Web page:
Maserati Medici II

Maserati Medici II (Italdesign) (1976)

Maserati Medici II is a luxury sedan hatchback for the high-end market and a development of the Medici I, which debuted at the Turin Motor Show in 1974.

The Medici II is better proportioned than the Medici I.

The first version’s nose allows for more harmonious development and is highlighted by two huge rectangular headlights (rather than hidden) and the use of a real radiator grille.

The interiors have been completely redesigned, with the two backward-facing seats being replaced by two genuine chairs separated by a broad armrest in place of the rear sofa.

Behind the front seatback are two cabinets carrying usual limousine accouterments (bar, refrigerator, desk, file holder).

The car is outfitted with a television and a radiophone, both of which were considered “futuristic” for a car at the time.

Source: Italdesign

Every premium manufacturer currently must have a luxury super-saloon in the model range. Back in the mid-1970s, though, famed designer Giorgetto Giugiaro was hard at work designing an automobile that blended performance and luxury with four-door practicality.

In 1974, Giugiaro, fresh from designing Maserati Ghibli, Bora, and Merak, embarked on a quest to create a four-door Maserati that combined the luxury of an American limousine with ample power – the latter being noticeably absent in the 207bhp Quattroporte II of the same year. The idea of Giugiaro’s car was encapsulated in its name, ‘Medici’: inspired by the famed Florence dynasty that rose to popularity in the 14th century, thanks to an unmistakable commercial acumen and a love of culture and arts.

Maserati Medici II was built on Maserati chassis and featured a longitudinally mounted 5.0-litre V8. The car had 6 seats inside, with four ‘living-room’ style velour-lined chairs facing each other. That gave  the interior the atmosphere of a limousine. Giugiaro aimed for a ‘balanced and graceful’ shape for the car’s body, drawing inspiration from prior work such as the Audi Asso Di Picche concept (with a design language that was also visible in the later B2 Audi Coupé – you may notice some resemblance).

The final result, however, had a bonnet that was too sleek for the roofline, resulting in an awkwardly proportioned automobile – highly un-Giugiaro-like, given that his catalogue raisonné included the De Tomaso Mangusta, Iso Grifo, and BMW M1. Giugiaro, like many geniuses, is immensely self-critical, and even official material from the Italdesign styling business he founded in 1968 recognizes the Medici’s stylistic shortcomings.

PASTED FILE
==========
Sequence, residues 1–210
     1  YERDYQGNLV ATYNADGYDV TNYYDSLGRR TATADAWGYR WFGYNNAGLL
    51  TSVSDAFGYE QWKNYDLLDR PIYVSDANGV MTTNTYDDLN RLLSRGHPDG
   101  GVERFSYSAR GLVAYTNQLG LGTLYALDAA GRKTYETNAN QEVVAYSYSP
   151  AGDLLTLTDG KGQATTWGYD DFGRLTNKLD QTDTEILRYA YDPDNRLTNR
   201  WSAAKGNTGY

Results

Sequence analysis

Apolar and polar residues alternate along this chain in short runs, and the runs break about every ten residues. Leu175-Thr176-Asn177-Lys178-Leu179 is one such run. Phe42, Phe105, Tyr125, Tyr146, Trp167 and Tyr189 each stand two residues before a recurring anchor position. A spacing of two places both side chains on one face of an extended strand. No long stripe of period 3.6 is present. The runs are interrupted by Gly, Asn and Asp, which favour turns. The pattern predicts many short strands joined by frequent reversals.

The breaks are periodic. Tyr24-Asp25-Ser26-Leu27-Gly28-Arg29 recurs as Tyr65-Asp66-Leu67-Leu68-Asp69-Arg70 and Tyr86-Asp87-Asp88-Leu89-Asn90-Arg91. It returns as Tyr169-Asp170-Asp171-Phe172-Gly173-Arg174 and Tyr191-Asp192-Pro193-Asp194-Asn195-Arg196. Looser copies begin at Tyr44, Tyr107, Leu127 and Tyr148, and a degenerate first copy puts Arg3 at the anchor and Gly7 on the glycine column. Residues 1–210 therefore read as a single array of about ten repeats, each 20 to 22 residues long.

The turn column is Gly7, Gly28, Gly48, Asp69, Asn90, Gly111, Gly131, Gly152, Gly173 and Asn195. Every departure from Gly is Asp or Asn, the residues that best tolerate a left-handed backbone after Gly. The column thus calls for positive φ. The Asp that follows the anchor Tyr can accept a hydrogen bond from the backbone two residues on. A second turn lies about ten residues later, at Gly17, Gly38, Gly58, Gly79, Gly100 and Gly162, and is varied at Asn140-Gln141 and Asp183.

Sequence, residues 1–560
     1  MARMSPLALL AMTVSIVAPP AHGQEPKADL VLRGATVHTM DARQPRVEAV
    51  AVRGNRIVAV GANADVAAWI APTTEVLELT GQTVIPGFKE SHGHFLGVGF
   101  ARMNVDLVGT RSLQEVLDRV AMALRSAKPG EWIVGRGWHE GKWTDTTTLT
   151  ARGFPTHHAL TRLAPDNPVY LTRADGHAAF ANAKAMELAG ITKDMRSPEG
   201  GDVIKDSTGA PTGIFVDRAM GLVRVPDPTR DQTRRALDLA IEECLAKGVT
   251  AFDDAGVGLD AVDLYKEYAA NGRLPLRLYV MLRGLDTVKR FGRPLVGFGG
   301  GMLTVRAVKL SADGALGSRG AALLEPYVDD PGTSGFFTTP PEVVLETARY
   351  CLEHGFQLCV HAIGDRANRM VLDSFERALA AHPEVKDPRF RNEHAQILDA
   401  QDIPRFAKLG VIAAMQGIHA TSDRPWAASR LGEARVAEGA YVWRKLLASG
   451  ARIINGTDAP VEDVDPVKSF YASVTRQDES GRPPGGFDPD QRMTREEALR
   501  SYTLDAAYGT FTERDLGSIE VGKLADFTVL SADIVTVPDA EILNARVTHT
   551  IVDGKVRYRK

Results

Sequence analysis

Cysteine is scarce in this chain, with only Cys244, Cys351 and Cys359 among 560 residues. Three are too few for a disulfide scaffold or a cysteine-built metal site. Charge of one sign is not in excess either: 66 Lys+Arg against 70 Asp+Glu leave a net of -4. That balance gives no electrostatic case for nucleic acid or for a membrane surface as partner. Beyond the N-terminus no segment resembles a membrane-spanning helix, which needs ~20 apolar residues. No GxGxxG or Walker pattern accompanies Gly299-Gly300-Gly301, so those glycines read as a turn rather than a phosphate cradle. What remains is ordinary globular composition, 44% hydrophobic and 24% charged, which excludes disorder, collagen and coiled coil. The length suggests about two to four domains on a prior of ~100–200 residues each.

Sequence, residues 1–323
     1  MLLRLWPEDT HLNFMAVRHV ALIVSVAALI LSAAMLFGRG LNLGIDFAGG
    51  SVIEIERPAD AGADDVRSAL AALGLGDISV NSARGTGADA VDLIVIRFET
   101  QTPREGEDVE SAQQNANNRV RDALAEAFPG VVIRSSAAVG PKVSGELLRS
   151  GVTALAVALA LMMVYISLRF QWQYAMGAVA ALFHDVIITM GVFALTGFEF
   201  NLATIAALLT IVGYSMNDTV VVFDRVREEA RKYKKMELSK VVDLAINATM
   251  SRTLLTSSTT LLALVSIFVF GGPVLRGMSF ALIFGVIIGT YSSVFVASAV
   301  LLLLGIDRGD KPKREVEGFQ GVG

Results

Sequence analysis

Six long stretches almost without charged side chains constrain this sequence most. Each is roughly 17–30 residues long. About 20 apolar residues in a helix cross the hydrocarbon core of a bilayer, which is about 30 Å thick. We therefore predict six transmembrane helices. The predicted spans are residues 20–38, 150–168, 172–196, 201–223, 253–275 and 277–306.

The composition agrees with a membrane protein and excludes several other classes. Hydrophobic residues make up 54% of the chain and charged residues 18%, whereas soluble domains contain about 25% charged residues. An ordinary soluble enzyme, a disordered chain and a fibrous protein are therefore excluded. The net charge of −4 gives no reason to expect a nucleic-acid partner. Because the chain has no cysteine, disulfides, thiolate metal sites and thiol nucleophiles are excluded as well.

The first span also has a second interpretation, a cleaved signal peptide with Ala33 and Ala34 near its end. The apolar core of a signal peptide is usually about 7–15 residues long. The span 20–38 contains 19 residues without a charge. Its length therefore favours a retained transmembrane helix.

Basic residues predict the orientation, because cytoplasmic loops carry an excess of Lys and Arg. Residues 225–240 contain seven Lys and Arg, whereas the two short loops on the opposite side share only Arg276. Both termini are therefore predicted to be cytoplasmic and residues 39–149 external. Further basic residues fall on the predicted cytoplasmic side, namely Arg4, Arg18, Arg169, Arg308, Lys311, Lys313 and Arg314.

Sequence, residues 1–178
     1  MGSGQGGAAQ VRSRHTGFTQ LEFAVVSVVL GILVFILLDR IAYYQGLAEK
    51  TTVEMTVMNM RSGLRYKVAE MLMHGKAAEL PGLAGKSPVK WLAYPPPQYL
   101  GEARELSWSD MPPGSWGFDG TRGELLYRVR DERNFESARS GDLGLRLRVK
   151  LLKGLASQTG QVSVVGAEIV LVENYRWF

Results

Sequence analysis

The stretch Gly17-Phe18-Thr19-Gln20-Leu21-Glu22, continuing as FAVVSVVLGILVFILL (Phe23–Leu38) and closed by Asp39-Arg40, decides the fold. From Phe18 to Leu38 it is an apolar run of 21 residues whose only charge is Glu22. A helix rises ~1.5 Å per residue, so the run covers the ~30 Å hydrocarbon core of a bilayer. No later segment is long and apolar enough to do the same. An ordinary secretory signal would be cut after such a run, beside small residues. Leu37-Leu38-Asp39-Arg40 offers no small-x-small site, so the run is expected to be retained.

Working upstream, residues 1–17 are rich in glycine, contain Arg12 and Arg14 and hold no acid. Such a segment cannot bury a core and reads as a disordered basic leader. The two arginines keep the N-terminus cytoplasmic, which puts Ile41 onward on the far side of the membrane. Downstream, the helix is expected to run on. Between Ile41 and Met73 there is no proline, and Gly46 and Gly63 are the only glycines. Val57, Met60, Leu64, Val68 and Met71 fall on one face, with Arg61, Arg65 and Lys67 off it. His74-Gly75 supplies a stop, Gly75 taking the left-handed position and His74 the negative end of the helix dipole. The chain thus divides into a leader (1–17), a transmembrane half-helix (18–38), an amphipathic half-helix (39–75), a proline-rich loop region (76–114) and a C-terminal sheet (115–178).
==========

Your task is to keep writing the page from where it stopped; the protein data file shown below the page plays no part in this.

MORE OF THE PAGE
Nonetheless, another characteristic of artistic talent is perseverance, which Giugiaro dutifully demonstrated in the years that followed. Indeed, he pulled the blighted Maserati back into his workshop and began work on the Medici II, ‘cutting and patching’ the metalwork to restore the car’s off-kilter proportions from the 1974 Turin Motor Show. 

While the stubby-tailed, two-box silhouette was retained, the bonnet line was raised to better align with the perpendicular lines displayed elsewhere on the car, resulting in the pop-up headlights being replaced with more conventional rectangular ones, which were also integrated with a more conventional grille. While his changes effectively ended Giugiaro’s desire to project an athletic image, a more refined style was chosen and later embraced by the Piedmont-born designer.

The sophisticated look was also applied to the interior; the rearward-facing pair of seats were removed, but the limo-like atmosphere was maintained by two newly built cupboards housing a minibar, refrigerator, desk, and file-holder. 

The back bench was changed with a pair of armchairs, and the velour upholstery was replaced with leather and briarwood, in line with the classical themes, while a TV and radiophone added touches of modernity. The car was reintroduced in Medici II form at the 1976 Paris Motor Show, where it received a positive welcome in contrast to its prior appearance in Turin.

The Medici II was moved to the Louwman Museum after the show, but not before giving several styling cues to the 1977 Turin Motor Show Quattroporte III concept car and its production version. The third Quattroporte was clearly more successful than its defective forefather, with one exemplar being put into presidential service: thereby validating its effectiveness.

The third Quattroporte was clearly more successful than its problematic forefather, with one example serving as a presidential limousine, confirming its ‘businessman’s Maserati’ position.

Despite its ungainly form, which first harmed Giugiaro’s portfolio, the reworked Medici is ultimately a rare glimpse into the determination of a talented character. The Medici II, which went on to influence one of the primary super-saloons, can possibly trace its offshoots not just to the present Quattroporte, but also to the Rapide, Panamera, and CLS with which its granddaughter competes. Meanwhile, its designer – who was rightfully named Car Designer of the Century in 1999 – may finally relax.


The original version of the Maserati Medici caused great criticism because of its tightness – the car was designed for six seats and the creators failed to provide a sufficient level of comfort for a car of its class. According to this, Giugiaro finalized the design, and in 1976, at the Paris Motor Show, the Maserati Medici II concept car was presented.

Medici cars did not go into the series, however, despite this, a number of design solutions were used to create other cars – “Maserati Quattroporte III” and “DeLorean DMC-12”.